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As luck would have it, there was (and is) a competitive triathlon team organized by the Air Force.
Suddenly, Bischoff had a new goal, and it was simple and clear: make the team. It was not, however, easy.
“It was 2014. I didn’t know there was an Air Force triathlon team when I first started out,” Bischoff says. “But I found out there was a team and so I got interested in potentially trying to at least make the Air Force team. That’s really all it ever was, initially.”
Bischoff, whose military career field is security forces, fondly remembers his family supporting his goal and doing their best to cheer him on along the way.
“I applied in 2014 and didn’t get picked up. I applied again in 2015 and still didn’t get picked up,” Bischoff says. “But then in 2016 when I applied, they picked up my package and I was able to go and compete.
“The first year I had only been doing it for a year. I was like, ‘okay, I’m probably not going to get picked up on it this time.’ But I was pretty bummed in 2015 when I didn’t make the team.”
There was still a sliver of hope. Every year the Department of Defense puts on the DoD Championships. The event is typically held in Ventura County, California.
“The top nine guys and gals from the different service branches go there and compete,” Bischoff says. “They’re all selected through a resume process where you say how many races you’ve done, positions, your times and all that stuff.”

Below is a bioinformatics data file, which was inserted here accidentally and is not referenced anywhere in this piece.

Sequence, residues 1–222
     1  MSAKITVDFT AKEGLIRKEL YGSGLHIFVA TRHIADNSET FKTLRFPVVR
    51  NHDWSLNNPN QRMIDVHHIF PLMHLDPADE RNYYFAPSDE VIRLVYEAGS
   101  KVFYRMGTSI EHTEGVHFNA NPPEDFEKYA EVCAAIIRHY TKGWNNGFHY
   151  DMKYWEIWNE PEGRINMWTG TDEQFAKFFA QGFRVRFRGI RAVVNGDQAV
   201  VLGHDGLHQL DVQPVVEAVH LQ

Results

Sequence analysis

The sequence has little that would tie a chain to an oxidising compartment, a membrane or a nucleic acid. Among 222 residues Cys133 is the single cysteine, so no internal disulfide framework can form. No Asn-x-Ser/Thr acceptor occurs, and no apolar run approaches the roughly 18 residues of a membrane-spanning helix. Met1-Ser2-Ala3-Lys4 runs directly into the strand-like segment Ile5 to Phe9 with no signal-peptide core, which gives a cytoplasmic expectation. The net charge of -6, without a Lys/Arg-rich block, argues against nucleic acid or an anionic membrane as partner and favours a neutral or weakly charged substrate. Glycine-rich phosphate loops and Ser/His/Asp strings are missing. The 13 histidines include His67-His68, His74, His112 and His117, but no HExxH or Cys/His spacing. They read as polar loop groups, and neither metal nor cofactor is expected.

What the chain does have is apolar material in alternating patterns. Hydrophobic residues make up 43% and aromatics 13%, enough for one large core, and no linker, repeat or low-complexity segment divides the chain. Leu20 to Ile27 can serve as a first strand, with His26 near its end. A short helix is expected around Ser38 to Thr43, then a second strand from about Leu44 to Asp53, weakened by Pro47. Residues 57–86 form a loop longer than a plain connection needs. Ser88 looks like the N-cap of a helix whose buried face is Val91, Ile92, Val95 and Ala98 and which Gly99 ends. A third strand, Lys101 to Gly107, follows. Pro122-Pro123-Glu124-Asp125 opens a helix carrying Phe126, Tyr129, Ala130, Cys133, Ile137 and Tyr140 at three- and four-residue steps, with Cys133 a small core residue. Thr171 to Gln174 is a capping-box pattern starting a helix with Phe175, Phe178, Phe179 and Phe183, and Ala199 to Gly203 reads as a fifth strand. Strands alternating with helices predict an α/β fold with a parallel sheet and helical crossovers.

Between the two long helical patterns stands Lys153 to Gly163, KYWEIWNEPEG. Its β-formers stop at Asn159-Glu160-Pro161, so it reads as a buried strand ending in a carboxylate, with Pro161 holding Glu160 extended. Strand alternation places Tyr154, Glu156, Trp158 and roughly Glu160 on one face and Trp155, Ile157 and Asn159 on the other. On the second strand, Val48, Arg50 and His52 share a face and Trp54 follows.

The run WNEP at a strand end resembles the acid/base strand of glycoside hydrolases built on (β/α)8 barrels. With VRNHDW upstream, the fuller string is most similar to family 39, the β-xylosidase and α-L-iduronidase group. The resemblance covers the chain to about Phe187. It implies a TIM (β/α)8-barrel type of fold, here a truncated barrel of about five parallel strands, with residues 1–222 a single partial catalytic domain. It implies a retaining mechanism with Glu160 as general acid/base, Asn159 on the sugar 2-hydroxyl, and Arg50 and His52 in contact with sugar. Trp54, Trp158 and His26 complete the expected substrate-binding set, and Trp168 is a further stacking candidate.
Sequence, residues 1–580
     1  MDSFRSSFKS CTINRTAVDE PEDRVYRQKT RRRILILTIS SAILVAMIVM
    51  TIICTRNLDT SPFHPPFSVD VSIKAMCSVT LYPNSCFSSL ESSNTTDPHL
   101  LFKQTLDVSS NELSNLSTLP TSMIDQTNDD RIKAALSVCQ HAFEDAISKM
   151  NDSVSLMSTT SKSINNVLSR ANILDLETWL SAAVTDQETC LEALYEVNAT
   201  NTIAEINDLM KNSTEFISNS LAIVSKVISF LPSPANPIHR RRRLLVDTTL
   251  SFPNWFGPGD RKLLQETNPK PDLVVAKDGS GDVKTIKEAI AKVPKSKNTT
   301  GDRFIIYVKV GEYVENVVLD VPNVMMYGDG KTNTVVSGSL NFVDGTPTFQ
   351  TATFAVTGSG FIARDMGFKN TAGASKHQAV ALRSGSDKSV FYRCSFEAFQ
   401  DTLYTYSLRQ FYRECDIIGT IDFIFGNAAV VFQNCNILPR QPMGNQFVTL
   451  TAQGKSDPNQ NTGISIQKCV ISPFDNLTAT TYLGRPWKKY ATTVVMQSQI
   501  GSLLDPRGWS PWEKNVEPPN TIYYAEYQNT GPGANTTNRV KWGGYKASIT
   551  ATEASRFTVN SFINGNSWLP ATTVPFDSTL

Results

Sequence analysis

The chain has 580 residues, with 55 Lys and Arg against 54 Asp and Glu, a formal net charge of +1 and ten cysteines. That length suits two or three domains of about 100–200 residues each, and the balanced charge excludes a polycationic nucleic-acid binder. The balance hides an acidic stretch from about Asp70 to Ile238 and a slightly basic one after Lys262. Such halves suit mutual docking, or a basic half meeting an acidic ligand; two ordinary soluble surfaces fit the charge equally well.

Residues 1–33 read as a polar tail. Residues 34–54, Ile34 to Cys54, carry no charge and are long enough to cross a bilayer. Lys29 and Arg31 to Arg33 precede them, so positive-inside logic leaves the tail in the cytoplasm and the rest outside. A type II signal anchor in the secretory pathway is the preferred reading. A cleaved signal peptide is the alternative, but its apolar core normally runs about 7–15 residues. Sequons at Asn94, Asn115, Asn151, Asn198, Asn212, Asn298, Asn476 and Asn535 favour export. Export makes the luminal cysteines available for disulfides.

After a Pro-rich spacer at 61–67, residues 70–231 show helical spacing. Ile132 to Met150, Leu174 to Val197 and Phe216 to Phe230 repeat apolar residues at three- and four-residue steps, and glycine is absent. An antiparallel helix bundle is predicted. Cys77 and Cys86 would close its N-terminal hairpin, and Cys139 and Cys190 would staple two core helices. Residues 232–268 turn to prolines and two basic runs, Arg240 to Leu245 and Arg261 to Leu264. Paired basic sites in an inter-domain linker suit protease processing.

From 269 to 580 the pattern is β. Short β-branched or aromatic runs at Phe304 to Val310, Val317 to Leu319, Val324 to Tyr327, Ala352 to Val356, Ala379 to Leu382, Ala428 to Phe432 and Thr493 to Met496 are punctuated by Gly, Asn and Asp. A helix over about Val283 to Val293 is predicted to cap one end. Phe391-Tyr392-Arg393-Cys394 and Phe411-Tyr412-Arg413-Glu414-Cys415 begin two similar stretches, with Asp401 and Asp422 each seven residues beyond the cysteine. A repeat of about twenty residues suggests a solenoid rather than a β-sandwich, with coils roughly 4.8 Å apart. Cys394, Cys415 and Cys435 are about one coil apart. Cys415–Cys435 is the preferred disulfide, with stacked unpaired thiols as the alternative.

There is also an open category, which Bischoff was able to enter even though he was not officially on the Air Force’s team.
“In 2015 I didn’t make the team but still went to the race and competed in the open category. I think I came in 27th or something — I was pretty far back,” he says. “I did beat one of the Air Force guys, so the coach and the people who were making the decisions for the Air Force team had seen me. Then I was like, ‘okay maybe I could be on the team in the next year or two.’ And sure enough, the next year I did.”
Once he was on the team, Bischoff continued improving. After finishing seventh in the 2016 DoD Championship and second place in 2017, his next goal became the Military World Games which take place every four years.
A father of three children under the age of five, Bischoff must squeeze his training somewhere between his full-time military job and the time he spends with his family. He is able to dedicate roughly 10-15 hours per week to training. He will stagger running, bicycling, swimming and cross-training during his down time.
“At these World Games you’re going to have everyone from Olympic athletes who can dedicate 40 hours a week — or more — to training,” Bischoff says. “Then you’ve got people — and I’ll throw myself into that category — who have a full-time military job, and you’re just kind of fitting in your training around that.”
The Great Falls resident says that he put in for a cross-train to try to do something within the realm of flying. He would be flying military aircrafts. The Air Force allows its active-duty officers to change the direction of their career.
“If that happens, that’ll start me down a whole new path with some goals and some other things associated with flying.” Bischoff says.